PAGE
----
Japan may sell around 1/7th the number of bikes at the peak in the 1980s but the latest stats from the 44th Tokyo Motorcycle Show in late March 2017 revealed a record number of crowds – some 146,495, up 10,000 on last year. 155 exhibitors showed up. In fact it was even larger than last year with 2 floors being utilized vs last year’s show. Clearly the motorcycle product market is expanding – from scooters, enduros, adventure, super sports, naked, e-bikes to trikes. Interestingly Japanese brand Yamaha has turned its success on the track to pricing some of its products (e.g. R1M) at premium European levels, something unheard of 5 years ago. In the reverse Harley-Davidson has had to introduce a 750cc bike made in India to compete with Yamaha’s budget entry cruiser, the Bolt.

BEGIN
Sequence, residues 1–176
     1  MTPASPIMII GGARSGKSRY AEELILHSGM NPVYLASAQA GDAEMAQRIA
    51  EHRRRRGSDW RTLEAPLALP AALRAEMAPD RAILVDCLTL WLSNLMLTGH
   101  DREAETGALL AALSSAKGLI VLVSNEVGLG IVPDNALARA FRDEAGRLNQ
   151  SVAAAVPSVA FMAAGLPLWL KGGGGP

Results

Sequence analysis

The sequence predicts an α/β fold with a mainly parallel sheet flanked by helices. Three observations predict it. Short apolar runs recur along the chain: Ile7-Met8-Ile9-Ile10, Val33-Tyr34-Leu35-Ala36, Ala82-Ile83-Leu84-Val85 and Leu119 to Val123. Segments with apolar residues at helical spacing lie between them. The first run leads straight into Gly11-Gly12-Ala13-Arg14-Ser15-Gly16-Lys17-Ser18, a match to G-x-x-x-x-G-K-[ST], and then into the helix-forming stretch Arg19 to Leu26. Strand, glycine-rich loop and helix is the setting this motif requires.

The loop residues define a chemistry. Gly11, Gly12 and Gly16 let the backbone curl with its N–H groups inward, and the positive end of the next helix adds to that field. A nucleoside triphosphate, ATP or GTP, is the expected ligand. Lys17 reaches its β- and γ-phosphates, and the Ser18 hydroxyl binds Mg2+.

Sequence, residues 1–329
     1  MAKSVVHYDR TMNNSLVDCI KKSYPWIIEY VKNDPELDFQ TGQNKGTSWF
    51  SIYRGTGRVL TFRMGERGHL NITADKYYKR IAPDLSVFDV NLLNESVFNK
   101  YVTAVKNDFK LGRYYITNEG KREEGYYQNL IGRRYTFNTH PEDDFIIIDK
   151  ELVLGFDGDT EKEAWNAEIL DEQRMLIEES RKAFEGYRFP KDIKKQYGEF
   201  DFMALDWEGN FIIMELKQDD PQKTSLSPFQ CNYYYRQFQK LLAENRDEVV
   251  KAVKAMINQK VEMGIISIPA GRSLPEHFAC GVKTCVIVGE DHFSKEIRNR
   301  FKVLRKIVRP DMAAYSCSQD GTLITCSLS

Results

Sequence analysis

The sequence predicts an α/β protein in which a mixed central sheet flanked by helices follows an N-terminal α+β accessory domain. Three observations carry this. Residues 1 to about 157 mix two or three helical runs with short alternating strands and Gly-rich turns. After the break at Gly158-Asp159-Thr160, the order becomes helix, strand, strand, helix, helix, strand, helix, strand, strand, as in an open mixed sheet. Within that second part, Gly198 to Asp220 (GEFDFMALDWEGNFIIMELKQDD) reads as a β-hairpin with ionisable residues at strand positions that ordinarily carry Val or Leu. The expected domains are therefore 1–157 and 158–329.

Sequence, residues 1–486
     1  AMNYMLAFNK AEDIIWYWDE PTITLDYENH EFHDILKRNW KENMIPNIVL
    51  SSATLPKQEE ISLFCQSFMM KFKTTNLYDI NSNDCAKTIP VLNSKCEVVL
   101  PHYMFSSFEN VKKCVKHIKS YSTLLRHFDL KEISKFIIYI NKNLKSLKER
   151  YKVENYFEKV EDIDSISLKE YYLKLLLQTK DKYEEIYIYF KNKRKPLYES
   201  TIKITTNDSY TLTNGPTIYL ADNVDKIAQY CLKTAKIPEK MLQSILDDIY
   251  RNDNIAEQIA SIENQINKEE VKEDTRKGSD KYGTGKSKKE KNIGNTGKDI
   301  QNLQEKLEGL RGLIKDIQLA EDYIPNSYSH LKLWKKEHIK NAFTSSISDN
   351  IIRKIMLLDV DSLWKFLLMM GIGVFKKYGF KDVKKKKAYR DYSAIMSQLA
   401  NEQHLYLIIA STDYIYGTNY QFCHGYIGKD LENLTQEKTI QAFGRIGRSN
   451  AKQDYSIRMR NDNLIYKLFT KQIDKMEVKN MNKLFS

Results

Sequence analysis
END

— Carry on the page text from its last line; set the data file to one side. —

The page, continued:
The average age of riders in Japan is now 53 and rising. Getting a license is an expensive ($3,000) nightmare and finding a parking space can be an even bigger horror. So there are plenty of ways to turn this sinking ship around. Product has evolved along with huge leaps in technology. Cornering ABS and cornering sensitive traction control to begin with. Even Harley-Davidson has realized it can’t survive on just its legacy. It has introduced the Milwaukee-8 engine which looks to modernize its line-up. Europe’s largest motorcycle maker KTM is bringing out incredible range of products in both its KTM & Husqvarna brands while BMW is entering the sub 400 category to attract younger riders. Yamaha is dominating the Japanese makers for product offering. Honda amazes in its ability to bore with totally uninspiring product. The only things that raise a pulse are concepts which the engineers say won’t see production. Suzuki and Kawasaki remain fringe players with a dash of lunacy amongst a pretty ordinary offering.